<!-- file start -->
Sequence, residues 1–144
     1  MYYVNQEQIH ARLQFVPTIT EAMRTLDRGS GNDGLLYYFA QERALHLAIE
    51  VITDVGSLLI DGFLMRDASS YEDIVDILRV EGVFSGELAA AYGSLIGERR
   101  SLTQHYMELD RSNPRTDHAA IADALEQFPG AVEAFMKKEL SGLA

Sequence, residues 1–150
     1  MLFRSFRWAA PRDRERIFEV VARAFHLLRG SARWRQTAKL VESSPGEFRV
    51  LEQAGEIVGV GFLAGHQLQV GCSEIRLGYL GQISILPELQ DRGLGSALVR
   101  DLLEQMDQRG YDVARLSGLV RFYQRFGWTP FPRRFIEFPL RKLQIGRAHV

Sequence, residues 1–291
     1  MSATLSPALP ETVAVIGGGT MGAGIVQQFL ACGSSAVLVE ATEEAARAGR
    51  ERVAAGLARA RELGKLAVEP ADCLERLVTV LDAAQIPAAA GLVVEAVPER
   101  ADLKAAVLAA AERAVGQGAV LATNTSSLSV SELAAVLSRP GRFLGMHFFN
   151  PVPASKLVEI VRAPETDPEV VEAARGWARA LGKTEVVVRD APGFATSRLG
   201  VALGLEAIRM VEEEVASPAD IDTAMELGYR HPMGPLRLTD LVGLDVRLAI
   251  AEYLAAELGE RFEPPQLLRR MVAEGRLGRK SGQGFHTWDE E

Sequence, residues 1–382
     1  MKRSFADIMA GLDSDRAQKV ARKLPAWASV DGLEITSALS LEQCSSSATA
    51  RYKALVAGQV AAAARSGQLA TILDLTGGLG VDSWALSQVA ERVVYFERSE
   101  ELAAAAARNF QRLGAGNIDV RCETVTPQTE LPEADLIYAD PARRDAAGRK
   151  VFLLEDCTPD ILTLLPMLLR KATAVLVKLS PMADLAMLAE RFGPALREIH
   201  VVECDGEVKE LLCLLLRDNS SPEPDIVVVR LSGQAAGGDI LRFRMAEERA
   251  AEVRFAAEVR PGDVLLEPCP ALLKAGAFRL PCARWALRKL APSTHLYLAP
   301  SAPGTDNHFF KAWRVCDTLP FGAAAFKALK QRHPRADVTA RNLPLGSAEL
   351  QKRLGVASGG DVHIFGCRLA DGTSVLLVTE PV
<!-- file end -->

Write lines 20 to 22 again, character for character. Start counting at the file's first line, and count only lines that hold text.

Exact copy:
   151  VFLLEDCTPD ILTLLPMLLR KATAVLVKLS PMADLAMLAE RFGPALREIH
   201  VVECDGEVKE LLCLLLRDNS SPEPDIVVVR LSGQAAGGDI LRFRMAEERA
   251  AEVRFAAEVR PGDVLLEPCP ALLKAGAFRL PCARWALRKL APSTHLYLAP